Weeks into the school year, El Paso-area school districts are alarmed at the growing number of students who face serious legal consequences for vaping THC concentrates.
“They’re good kids,” said Jim Vasquez, the Director of People and Parent Services for the Ysleta Independent School District. “The bulk of these have never been in any disciplinary trouble in their entire school careers.”
In the ’18 – ’19 school year, Vasquez said 29 students were referred to the district’s ‘Juvenile Justice Alternative Program. More than half of those students faced charges for vaping.
In the state of Texas, possessing less than half an ounce of marijuana might be a misdemeanor, but possessing any amount of THC ‘concentrates,’ (including the THC oil in e-cigarettes) is a felony.
“You’re going to wind up in the legal system and going to have a charge on your record that will follow you,” said Socorro Independent School District Police Chief Jose Castorena. “It will follow you for the course of your life.”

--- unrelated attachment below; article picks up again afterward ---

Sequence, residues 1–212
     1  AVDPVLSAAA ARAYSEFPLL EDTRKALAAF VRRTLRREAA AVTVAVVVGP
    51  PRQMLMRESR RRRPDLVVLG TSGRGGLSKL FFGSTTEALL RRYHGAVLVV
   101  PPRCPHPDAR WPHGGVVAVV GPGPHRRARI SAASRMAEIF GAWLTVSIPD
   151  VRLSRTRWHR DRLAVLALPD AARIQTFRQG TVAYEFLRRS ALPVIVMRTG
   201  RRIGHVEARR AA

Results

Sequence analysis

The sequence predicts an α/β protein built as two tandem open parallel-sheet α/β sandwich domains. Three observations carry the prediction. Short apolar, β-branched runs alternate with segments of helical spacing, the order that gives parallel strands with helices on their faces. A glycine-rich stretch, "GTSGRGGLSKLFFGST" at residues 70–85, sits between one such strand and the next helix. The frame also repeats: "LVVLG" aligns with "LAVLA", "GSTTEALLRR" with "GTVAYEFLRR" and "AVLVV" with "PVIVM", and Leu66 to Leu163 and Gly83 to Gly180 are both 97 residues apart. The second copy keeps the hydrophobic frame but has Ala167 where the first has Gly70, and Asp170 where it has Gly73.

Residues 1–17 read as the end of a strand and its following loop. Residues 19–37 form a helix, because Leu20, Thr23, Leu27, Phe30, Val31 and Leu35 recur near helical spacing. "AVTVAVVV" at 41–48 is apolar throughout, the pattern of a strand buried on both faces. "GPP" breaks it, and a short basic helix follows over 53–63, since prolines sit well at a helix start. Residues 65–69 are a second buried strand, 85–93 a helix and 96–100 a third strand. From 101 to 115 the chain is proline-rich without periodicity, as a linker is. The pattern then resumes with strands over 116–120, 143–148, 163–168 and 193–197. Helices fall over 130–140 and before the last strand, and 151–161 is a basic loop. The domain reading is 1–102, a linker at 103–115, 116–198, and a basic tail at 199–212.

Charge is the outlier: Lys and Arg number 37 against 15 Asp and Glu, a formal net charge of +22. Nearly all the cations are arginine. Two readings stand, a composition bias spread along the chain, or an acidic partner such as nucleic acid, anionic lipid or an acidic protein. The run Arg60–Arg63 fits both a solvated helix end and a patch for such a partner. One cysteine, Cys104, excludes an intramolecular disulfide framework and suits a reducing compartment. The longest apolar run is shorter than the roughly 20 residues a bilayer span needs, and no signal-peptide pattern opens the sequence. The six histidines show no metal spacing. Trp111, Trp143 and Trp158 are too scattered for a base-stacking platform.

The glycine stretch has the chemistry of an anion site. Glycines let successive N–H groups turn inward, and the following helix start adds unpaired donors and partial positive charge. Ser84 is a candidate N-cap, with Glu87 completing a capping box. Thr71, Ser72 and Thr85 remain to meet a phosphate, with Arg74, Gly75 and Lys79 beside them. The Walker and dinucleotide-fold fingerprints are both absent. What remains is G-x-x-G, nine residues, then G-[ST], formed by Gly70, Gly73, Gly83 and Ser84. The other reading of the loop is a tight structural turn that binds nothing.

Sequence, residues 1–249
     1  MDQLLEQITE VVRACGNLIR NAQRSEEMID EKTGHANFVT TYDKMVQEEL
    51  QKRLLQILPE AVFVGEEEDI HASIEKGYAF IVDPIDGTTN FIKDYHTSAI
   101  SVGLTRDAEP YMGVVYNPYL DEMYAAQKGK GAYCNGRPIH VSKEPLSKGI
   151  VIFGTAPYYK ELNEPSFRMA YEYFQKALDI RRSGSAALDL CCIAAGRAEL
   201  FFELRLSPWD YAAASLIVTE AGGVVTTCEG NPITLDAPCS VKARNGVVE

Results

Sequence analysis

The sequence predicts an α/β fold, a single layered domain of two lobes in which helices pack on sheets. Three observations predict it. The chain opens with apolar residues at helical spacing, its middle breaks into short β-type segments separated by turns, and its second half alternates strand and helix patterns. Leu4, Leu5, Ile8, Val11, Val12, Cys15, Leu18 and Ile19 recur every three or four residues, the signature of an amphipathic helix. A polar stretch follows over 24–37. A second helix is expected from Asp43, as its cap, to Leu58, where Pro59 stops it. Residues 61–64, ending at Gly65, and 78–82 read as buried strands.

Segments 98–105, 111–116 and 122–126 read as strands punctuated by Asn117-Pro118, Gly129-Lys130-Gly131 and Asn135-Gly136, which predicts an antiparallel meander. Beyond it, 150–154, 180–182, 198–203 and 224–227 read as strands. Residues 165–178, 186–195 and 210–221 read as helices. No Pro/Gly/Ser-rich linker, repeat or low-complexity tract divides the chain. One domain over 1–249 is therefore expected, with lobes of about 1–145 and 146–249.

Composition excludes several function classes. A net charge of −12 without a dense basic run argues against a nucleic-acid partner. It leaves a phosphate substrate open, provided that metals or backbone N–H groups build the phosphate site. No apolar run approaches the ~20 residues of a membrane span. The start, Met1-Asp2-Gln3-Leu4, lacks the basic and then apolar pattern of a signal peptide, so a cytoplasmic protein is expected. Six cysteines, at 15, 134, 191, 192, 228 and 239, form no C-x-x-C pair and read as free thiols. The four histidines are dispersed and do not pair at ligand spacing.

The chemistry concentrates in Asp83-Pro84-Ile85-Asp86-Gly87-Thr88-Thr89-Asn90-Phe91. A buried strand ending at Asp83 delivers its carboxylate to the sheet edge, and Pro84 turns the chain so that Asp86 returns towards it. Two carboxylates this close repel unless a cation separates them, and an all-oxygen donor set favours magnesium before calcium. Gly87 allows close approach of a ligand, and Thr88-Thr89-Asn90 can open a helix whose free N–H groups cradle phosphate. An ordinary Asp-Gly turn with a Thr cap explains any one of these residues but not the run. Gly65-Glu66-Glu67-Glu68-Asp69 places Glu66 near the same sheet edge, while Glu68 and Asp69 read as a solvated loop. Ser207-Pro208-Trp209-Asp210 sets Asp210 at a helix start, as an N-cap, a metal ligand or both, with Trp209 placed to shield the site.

In the ’17 – ’18 school year, there were 10 students charged with felonies related to vaping, Castorena said. In the ’18 – ’19 school year, the district had approximately 40 felony cases.
Socorro ISD is working to educate students on the consequences of vaping by airing a public safety announcement at football games this season.
More than 2.1 million middle and high school students were e-cigarette users in 2017, according to the United States Food and Drug Administration.
“If you possess it, you will be arrested and charged,” the PSA states. “Team SISD has a zero tolerance policy for drugs on our campuses.”